(for example, if you're writing a thread pool), use
  `stack_context.wrap()` before any asynchronous operations to capture the
  stack context from where the operation was started.

* If you're writing an asynchronous library that has some shared
  resources (such as a connection pool), create those shared resources
  within a ``with stack_context.NullContext():`` block.  This will prevent
  ``StackContexts`` from leaking from one request to another.

* If you want to write something like an exception handler that will
  persist across asynchronous calls, create a new `StackContext` (or
  `ExceptionStackContext`), and make your asynchronous calls in a ``with``
  block that references your `StackContext`.

from __future__ import with_statement

import contextlib
import functools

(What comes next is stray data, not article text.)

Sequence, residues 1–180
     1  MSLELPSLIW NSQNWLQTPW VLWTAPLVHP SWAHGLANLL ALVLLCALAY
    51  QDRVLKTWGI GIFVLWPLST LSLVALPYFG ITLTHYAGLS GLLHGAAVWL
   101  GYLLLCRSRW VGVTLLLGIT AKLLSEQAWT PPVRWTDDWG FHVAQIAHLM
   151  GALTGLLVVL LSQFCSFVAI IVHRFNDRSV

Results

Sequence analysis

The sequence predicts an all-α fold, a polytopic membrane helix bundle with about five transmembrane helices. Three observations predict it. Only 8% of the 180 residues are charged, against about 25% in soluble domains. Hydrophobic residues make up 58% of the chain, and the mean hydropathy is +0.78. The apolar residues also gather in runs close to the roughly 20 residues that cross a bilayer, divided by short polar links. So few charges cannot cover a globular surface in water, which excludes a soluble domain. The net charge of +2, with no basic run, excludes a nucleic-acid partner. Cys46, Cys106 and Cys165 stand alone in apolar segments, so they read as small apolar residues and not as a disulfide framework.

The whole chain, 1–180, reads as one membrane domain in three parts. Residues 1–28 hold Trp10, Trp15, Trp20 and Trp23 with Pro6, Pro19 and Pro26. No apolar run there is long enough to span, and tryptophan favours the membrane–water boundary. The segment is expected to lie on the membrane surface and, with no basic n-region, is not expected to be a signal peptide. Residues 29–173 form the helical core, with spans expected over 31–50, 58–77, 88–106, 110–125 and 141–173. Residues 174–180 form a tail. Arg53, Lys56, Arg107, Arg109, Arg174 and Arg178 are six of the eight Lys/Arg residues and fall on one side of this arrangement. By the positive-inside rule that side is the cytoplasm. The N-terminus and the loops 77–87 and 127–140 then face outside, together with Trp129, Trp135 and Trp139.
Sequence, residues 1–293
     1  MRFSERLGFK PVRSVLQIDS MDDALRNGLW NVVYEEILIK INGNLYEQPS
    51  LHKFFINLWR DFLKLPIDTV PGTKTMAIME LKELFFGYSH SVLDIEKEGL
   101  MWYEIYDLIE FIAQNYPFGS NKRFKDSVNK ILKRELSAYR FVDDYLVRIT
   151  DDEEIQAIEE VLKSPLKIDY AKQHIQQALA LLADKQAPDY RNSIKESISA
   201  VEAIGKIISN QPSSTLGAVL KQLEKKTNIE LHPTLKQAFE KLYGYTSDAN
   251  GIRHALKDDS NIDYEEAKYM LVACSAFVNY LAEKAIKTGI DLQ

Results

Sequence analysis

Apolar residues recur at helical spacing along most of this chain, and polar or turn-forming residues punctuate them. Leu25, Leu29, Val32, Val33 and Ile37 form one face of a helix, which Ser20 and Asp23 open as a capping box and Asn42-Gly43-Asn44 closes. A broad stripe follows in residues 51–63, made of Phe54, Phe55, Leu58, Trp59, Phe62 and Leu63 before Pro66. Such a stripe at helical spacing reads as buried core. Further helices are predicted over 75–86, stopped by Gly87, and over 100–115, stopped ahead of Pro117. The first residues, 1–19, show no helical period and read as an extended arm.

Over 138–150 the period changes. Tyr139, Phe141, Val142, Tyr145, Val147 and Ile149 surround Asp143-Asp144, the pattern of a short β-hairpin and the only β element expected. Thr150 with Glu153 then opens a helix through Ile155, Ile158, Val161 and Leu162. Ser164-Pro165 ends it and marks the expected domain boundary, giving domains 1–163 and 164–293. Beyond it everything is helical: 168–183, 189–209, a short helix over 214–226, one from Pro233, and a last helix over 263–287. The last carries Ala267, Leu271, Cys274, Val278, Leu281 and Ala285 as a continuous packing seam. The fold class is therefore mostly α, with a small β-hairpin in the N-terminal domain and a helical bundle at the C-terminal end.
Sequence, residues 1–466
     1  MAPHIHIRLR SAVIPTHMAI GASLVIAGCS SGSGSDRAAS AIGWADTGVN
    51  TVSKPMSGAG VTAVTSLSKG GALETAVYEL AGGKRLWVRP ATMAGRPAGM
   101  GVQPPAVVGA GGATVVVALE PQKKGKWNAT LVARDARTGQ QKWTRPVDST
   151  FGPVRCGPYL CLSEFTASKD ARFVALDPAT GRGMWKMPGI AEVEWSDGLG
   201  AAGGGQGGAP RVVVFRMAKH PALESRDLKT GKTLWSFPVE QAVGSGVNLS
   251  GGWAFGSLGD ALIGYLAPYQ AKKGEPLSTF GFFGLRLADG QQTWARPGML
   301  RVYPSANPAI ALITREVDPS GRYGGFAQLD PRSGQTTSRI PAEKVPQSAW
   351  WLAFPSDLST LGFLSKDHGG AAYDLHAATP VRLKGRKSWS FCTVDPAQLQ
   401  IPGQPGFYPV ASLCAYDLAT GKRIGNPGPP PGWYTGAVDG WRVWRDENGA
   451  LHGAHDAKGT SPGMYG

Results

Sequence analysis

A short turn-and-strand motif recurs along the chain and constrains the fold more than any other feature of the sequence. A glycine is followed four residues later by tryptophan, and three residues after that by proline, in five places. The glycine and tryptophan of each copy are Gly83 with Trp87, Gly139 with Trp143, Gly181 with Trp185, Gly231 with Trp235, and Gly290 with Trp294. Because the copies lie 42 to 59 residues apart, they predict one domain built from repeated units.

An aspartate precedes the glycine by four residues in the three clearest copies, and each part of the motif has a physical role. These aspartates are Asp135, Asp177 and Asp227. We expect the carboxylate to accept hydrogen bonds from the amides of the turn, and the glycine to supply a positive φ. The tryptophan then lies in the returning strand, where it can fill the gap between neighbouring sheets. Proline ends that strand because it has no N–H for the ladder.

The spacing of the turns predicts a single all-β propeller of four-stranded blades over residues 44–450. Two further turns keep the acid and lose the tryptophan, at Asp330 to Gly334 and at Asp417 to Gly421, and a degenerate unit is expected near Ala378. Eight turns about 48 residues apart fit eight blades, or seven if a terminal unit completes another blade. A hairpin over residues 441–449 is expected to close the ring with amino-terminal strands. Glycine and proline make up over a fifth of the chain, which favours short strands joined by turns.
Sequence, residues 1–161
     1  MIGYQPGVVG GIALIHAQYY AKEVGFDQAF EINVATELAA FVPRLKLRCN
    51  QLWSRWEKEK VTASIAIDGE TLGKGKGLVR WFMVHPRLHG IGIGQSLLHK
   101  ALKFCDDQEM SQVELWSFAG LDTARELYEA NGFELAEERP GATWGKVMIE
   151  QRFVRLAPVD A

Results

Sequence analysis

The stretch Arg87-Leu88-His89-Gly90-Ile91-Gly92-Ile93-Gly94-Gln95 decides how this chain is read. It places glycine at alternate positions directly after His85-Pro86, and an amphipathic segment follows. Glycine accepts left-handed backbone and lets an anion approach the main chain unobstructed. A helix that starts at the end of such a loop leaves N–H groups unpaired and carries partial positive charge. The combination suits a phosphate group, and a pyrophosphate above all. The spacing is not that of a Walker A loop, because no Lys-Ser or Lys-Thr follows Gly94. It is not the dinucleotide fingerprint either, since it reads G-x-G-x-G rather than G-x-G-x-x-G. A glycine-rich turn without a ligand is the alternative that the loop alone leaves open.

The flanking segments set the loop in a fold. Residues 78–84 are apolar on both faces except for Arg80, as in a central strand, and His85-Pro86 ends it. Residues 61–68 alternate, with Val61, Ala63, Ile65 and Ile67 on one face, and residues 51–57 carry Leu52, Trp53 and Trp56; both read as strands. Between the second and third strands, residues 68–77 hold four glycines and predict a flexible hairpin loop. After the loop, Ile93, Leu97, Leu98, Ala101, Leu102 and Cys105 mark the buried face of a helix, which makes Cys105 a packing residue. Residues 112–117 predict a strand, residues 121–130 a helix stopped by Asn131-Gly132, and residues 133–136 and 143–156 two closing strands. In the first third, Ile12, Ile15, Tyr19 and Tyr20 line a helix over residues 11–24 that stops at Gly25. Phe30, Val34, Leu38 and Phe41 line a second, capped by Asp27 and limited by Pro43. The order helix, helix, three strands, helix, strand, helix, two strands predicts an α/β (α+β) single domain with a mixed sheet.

import itertools
import sys
import threading

class _State(threading.local):
    def __init__(self):
        self.contexts = ()
_state = _State()

[docs]class StackContext(object): '''Establishes the given context as a StackContext that will be transferred. Note that the parameter is a callable that returns a context manager, not the context itself. That is, where for a non-transferable context manager you would say:: with my_context(): StackContext takes the function itself rather than its result:: with StackContext(my_context): ''' def __init__(self, context_factory): self.context_factory = context_factory # Note that some of this code is duplicated in ExceptionStackContext # below. ExceptionStackContext is more common and doesn't need # the full generality of this class. def __enter__(self): self.old_contexts = _state.contexts # _state.contexts is a tuple of (class, arg) pairs _state.contexts = (self.old_contexts + ((StackContext, self.context_factory),)) try: self.context = self.context_factory() self.context.__enter__() except Exception: _state.contexts = self.old_contexts raise def __exit__(self, type, value, traceback): try: return self.context.__exit__(type, value, traceback) finally: _state.contexts = self.old_contexts